The velocity function is #v(t)= –t^2+3t – 2# for a particle moving along a line. What is the displacement (net distance covered) of the particle during the time interval [-3,6]?

2 Answers
Sep 22, 2015

Answer:

#int_(-3)^6 v(t) dt =103.5#

Explanation:

The area under a velocity curve is equivalent to the distance covered.

#int_(-3)^6 v(t) dt#

#=int_(-3)^6 -t^2+3t-2color(white)("X")dt#

#=-1/3t^3+3/2t^2-2t|_color(blue)((-3))^color(red)(6)#

#=(color(red)(-1/3(6^3)+3/2(6^2)-2(6))) - (color(blue)(-1/3(-3)^3+3/2(-3)^2-2(-3)))#

#=114 -10.5#

#=103.5#

Sep 22, 2015

Answer:

The original question is a bit confusing as it implies that displacement and distance is the same thing, which it is not.
I have set up the necessary integration for each different case hereunder.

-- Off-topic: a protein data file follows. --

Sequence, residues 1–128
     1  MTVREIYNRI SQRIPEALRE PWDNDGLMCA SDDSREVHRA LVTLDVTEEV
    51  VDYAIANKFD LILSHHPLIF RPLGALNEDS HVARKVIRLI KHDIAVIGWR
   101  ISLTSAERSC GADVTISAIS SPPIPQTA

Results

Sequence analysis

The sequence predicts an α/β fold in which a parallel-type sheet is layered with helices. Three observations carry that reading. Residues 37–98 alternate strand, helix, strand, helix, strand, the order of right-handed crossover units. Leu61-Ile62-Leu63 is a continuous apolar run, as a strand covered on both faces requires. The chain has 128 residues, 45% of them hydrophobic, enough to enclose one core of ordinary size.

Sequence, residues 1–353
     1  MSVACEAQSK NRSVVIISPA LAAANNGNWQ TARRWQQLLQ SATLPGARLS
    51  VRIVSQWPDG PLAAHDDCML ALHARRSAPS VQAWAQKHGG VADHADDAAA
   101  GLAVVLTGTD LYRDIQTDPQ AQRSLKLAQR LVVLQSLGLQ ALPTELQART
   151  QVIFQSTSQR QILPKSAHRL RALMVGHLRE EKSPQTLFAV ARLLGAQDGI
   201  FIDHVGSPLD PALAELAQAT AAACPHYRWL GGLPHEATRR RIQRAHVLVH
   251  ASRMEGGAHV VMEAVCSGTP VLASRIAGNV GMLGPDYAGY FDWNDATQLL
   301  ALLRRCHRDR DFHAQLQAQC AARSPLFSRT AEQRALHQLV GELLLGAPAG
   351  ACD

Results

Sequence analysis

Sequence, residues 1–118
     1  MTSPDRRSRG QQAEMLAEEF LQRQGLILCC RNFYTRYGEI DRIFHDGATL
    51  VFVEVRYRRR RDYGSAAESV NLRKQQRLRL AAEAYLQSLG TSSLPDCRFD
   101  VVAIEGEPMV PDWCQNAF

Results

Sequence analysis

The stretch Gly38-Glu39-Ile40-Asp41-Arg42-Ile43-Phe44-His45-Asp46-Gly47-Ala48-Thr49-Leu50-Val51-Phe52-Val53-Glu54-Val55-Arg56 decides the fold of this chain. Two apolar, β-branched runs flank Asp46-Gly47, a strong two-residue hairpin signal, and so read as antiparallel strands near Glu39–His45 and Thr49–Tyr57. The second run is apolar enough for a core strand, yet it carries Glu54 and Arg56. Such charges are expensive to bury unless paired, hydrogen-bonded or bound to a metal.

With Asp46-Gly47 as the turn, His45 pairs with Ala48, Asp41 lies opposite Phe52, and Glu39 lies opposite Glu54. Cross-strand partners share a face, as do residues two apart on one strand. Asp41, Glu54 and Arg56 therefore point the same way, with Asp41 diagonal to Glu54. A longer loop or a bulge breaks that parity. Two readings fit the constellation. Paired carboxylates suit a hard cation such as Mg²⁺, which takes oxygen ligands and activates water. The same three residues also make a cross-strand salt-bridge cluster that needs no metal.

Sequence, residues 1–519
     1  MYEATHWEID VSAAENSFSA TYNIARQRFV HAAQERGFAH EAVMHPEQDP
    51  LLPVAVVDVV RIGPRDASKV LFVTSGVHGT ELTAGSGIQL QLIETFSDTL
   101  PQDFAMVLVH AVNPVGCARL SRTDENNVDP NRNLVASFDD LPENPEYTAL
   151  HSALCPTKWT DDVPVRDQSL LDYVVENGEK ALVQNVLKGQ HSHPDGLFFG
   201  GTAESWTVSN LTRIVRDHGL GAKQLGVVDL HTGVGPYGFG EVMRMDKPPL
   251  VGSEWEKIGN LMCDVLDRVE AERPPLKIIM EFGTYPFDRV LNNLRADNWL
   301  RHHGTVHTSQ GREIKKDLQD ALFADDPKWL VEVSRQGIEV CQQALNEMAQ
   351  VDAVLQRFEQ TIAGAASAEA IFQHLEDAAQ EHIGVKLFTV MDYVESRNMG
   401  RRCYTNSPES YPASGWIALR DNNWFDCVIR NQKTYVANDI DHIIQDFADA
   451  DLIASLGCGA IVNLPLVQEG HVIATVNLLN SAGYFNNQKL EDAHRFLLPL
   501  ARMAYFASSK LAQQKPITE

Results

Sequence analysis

Explanation:

Total distance (scalar quantity representing actual path length) is given by the sum of the partial integrals
#x=int_(-3)^1(0-(-t^2+3t-2)dt+int_1^2(-t^2+3t-2)dt+int_2^6(t^2-3t+2)dt#

Total displacement (vector quantity representing straight line drawn from start to end of motion) is given in magnitude by the following integral
#|vecx|=-int_(-3)^1(t^2-3t+2)dt+int_1^2(-t^2+3t-2)dt-int_2^6(t^2-3t+2)dt#

The graph of the velocity function with time makes it clear why these integrals need to be set up for the vector rules to be obeyed and the definitions to be satisfied.
graph{-x^2+3x-2 [-34.76, 38.3, -21.53, 14.98]}